Mystery of ‘slow’ solar wind unveiled by Solar Orbiter mission | Science & Technology

Scientists have come a step closer to identifying the mysterious origins of the ‘slow’ solar wind, using data collected during the Solar Orbiter spacecraft’s first close journey to the Sun.

Solar wind, which can travel at hundreds of kilometres per second, has fascinated scientists for years, and new research published in Nature Astronomy, is finally shedding light on how it forms.

Solar wind describes the continuous outflow of charged plasma particles from the Sun into space — with wind travelling at over 500km per second known as ‘fast’ and under 500km per second described as ‘slow’.

When this wind hits the Earth’s atmosphere it can result in the stunning aurora we know as the Northern Lights. But when larger quantities of plasma are released, in the form of a coronal mass ejection, it can also be hazardous, causing significant damage to satellites and communications systems.

Despite decades of observations, the sources and mechanisms that release, accelerate and transport solar wind plasma away from the Sun and into our solar system are not well understood — particularly the slow solar wind.

In 2020 the European Space Agency (ESA), with support from NASA, launched the Solar Orbiter mission. As well as capturing the closest and most detailed images of the Sun ever taken, one of the mission’s main aims is to measure and link the solar wind back to its area of origin on the Sun’s surface.

Described as ‘the most complex scientific laboratory ever to have been sent to the Sun’, there are ten different scientific instruments onboard Solar Orbiter — some in situ to collect and analyse samples of the solar wind as it passes the spacecraft, and other remote sensing instruments designed to capture high quality images of activity at the Sun’s surface.

By combining photographic and instrumental data, scientists have for the first time been able to identify more clearly where the slow solar wind originates. This has helped them to establish how it is able to leave…


We use income earning auto affiliate links. More on Sponsored links.
Ad Amazon : The reality of UFOs and extraterrestrials is here for those with the courage to examine it. We are not alone! We are only one of many different humanoids in a universe teeming with other intelligent life?

Ad Amazon : Books UFO
Ad Amazon : Binoculars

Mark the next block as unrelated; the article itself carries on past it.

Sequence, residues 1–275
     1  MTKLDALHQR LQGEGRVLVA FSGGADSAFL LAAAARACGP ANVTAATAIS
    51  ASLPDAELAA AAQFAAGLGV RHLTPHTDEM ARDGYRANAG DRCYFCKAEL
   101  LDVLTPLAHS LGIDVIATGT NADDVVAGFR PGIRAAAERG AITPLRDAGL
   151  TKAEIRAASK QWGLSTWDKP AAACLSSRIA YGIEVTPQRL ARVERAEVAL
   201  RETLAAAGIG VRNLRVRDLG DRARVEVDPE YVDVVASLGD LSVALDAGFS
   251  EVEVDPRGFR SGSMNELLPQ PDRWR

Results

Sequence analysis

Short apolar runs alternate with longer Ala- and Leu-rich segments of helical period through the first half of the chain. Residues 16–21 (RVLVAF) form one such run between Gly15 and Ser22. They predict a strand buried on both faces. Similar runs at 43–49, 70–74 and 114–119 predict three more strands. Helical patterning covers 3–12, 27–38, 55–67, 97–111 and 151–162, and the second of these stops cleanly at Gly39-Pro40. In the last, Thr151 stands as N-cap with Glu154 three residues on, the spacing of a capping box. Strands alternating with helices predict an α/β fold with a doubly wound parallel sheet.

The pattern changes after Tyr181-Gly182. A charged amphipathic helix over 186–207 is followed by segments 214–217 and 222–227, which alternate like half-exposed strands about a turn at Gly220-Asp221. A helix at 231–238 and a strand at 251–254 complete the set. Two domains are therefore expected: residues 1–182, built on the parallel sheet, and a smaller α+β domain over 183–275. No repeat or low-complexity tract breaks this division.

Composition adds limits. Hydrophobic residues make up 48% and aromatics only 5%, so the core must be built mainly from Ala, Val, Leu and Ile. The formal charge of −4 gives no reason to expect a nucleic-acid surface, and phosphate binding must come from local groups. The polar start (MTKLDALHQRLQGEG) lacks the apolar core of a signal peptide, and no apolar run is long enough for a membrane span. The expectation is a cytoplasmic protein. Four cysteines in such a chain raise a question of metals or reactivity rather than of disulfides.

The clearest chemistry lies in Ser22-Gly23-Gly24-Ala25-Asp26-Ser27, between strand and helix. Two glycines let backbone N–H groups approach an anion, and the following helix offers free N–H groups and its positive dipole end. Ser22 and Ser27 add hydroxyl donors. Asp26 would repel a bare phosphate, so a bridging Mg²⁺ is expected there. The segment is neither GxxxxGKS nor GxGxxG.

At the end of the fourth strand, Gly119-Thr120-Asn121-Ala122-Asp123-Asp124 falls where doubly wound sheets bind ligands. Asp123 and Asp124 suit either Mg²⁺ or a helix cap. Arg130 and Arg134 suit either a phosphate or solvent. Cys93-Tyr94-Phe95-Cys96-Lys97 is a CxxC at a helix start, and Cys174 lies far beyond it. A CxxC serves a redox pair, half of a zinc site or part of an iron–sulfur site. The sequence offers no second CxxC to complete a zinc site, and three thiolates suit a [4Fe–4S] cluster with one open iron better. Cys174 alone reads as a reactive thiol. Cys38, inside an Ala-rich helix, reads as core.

Ad Amazon : Telescopes

Related Posts

AIR launches cargo version of flagship AIR ONE eVTOL | eVTOL

Airline Industry on Track to Achieve New Heights with Nearly Five Billion Flights and $1 Trillion in Revenue This Year | Airlines

Learn how the global airline companies expand operations in Indian travel market – Travel And Tour World | Airlines

EHang completes eVTOL demo in Saudi Arabia | eVTOL

Global airlines bet on India travel boom | Airlines

India, US working for training Isro astronauts at Nasa’s Johnson Space Center | India News | Space

Is American Airlines Group Inc (NASDAQ:AAL) the Best Airline Stock to Buy for Long Term? | Airline Industry

Air Incheon Emerges as Preferred Bidder for Asiana Airlines’ Cargo Business | Airlines

Actura New Zealand collapse: Parents may have lost million of dollars after school space trip cancelled | Space

U.S. Navy Rescues Crew of Stricken Cargo Ship Attacked by Houthis | Aviation

Pentagon backs France’s supply of Mirage 2000s to Ukraine | Airlines

KLM Boeing 787 returns to Tokyo after windshield cracks | Airlines

Norwegian F-35 To Fly Using Biofuel By The End of The Year | Aviation

Women Are Better Than Men At One More Thing: Space Exploration | Space

Globetrotting NASA Research Model Increases Accuracy | Space

Eyes On Mediterranean And Black Sea: U.S. Navy MQ-4Cs Expand Operations In The 6th Fleet Area Of Responsibility | Aviation

Astroscale’s space junk inspection satellite snaps a close-up photo of a discarded rocket stage | Space

Investigating the origins of the crab nebula | Science & Technology

NASA Awards Contract for Neutral Buoyancy Laboratory Operations | Space

TechCrunch Space: A new era for human spaceflight research | Space